There are things we remember because they are significant, and things that become significant because we remember.
It was the sort of grey, cloudy day that passes for winter in Southern California. I was seven years old, out for a rare day alone with a busy grandmother, full of the self-importance of a child who feels grown-up.
Grandma gave our tickets to a man in a black suit. He handed back the stubs and another man with a little flashlight showed us to our seats. Grandma took the inside seat so that if a tall person sat in front of us, I could lean into the aisle and see the stage.
The theatre was dark, but not so very much darker than the cloudy afternoon outside and it only took a few minutes for my eyes to adjust to the gentle dimness. Eyes wide, I drank in every detail. Knowing what I know now about the ugliness of Los Angeles area auditoriums, I realize my memory is too kind, but I’d never been in a place like this, and was young enough to be thoroughly impressed with red plush chairs and gilded footlights.
I was quite satisfied to be the youngest person I saw. It established as fact my mother’s assertion that this was a once-in-a-lifetime experience (“so you better appreciate it and behave yourself” was her unspoken warning).
I clutched the program Grandma handed me. Without reading it, I knew that the heading said “Vienna Boys Choir.” I had long since memorized the name. “Vienna” – it sounded so far away and exciting. . . Mom said it was in Austria. I wasn’t sure where Austria was. On the map at school it looked very close to England, but Mom said it really wasn’t very close at all and that in Austria they didn’t speak English.
Just then, the lights dimmed and a line of young boys began to march solemnly onto the big stage. Many of them were no older than I – none was very much older. A moment later they sang. Leaning forward in my seat, I listened and watched, hardly daring to breathe lest that breath would obscure a note of the music. It didn’t matter that the lyrics were German or Italian and I understood none of it.
After intermission several of the older boys acted a short musical vignette, and I remember both my amusement at watching a ten year old boy play the tragic heroine, and my fascination with the tale, the brief synopsis of which I read over and over and over in the program as we drove home. I remember the music which seemed both endless and over all too soon.
Most of all, I remember laying in bed that night playing every moment over in my mind, experiencing for the first time the sorrowful delight of knowing that you have seen something beautiful that you will never see again. At the time, it made me cry. It would be years before I read CS Lewis, but I would have recognized his description of longing: “Beauty has smiled, but not to welcome us; her face was turned in our direction, but not to see us.”
I am a true child of the age of immediate access: access to information, to entertainment, to art and music. I took for granted the rewind button that let me repeat music and movies, and the photo albums that let me relive experiences. But I am thankful for that winter afternoon. Glad that I was too young to think to purchase a recording of the choir in the days that followed. It taught me at a young age to notice moments that can’t be recaptured, to recognize the bond between sorrow and joy.
~ Ashley Trim
 CS Lewis. The Weight of Glory. (San Francisco: Harper, 1949) 40.
On the Nightstand
Sigal Ben-Porath has written a wonderful, short work of scholarship which ought to be of interest to Front Porch Republic readers, especially those inclined to philosophically challenge the dominance of the rhetoric of “choice” and “autonomy” in our time. The book is Tough Choices: Structured Paternalism and the Landscape of Choice (Princeton University Press, 2010), and its basic aim is to defend the appropriateness of thinking about how individual choices are, and should be, necessarily limited in some ways when structuring public policies. That brief statement there will be enough, I’m sure, to hearten some FPRers–those of use who are exhausted by the seeming sovereignty which individual expression and diversity seem to have gained over public life, and who long to see a return to a more reasonable acceptance that different forms of limits and authority ought to have over the choices which people make.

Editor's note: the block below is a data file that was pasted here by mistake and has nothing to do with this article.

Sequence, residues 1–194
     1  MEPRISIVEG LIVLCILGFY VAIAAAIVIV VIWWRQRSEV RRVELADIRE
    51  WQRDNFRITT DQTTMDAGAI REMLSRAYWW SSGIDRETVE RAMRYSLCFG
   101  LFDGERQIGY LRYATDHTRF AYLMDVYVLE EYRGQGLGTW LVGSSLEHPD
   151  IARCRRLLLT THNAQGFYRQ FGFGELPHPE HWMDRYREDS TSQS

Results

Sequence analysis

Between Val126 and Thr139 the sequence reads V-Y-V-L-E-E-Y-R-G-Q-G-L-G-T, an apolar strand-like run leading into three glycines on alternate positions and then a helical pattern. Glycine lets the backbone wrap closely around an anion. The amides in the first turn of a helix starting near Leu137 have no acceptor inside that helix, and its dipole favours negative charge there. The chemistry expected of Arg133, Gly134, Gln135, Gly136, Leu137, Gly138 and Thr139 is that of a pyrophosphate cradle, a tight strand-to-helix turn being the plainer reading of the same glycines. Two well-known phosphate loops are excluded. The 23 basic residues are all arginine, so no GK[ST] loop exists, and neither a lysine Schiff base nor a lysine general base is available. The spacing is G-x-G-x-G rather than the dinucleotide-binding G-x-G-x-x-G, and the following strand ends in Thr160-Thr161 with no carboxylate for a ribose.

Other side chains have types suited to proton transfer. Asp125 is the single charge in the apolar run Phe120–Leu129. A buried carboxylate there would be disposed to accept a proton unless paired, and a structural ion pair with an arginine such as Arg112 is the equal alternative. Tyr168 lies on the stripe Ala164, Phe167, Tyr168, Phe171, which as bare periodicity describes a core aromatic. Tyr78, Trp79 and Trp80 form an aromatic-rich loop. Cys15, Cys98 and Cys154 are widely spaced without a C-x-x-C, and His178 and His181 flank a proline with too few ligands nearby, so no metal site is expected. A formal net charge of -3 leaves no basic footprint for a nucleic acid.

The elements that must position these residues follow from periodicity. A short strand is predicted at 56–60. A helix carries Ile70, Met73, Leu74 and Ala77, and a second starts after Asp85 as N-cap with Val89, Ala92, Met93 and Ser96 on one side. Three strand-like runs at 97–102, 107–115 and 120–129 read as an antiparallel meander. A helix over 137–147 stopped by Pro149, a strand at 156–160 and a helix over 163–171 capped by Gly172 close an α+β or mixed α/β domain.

Of course, there will be FPRers who will find the previous sentences frightening as well–suspecting that Ben-Porath is setting up an argument which will enable the makers of “policy” (usually, though not always, government agencies) to even more brazenly step up as the authorities and imposers of limits which run directly against the freedom and independence which they feel locality makes possible in the first place. The book, therefore, unintentionally falls squarely within the demilitarized zone which runs through so many discussions on FPR–between those (call them the “libertarian localists”) who believe that a lessening of choice-limiting authority over our lives is necessary to enjoy the fruits of local community, and those (call them the “communitarian localists”) who assume that local communities can’t survive without parameters and limits to give them space to flourish in the first place. No doubt, both are at least partly correct–and both can learn from this book
Ben-Porath is not herself particularly localist; on the contrary, rather than speaking from a conservative or traditionalist point of view, she makes her case for the place of “structured paternalism” in public policies as a self-described “liberal-egalitarian,” whose primary goal is increasing “civic equality” in society. Her argument is that a great many public policies, dealing with anything from organ donation to school districting, tend to focus far too much on “choice” as defined by reference to personal autonomy–that is, freedom is defined as the number of choices available to people (the number of goods on the grocery store shelves, the number of insurance plans to choose between, etc.), and the absence of interference in the making of such choices. As a liberal, Ben-Porath does not deny the importance of that principle, but she also finds it skewed. What about “opportunity”–the effectual ability of people, in their distinct social contexts and communities, to actually seize and benefit from any particular choice?
As should be obvious after only brief reflection, the enormous range of choices which the complexity and relative wealth of modern life makes available to many can actually only be effectively made use of by persons in possession of significant resources (whether they be time, wealth, access to information, or something else). To those without such resources, attempting to navigate them is costly and frustrating, something which can interfere with other obligations or indeed their very identity–as, for example, when someone raised in and shaped by a committed lifestyle all of a sudden finds themselves obliged to negotiate a variety of contrasting lifestyles, with choice-centered policies discouraging or even outlawing “interference” by those still grounded in the aforementioned lifestyle.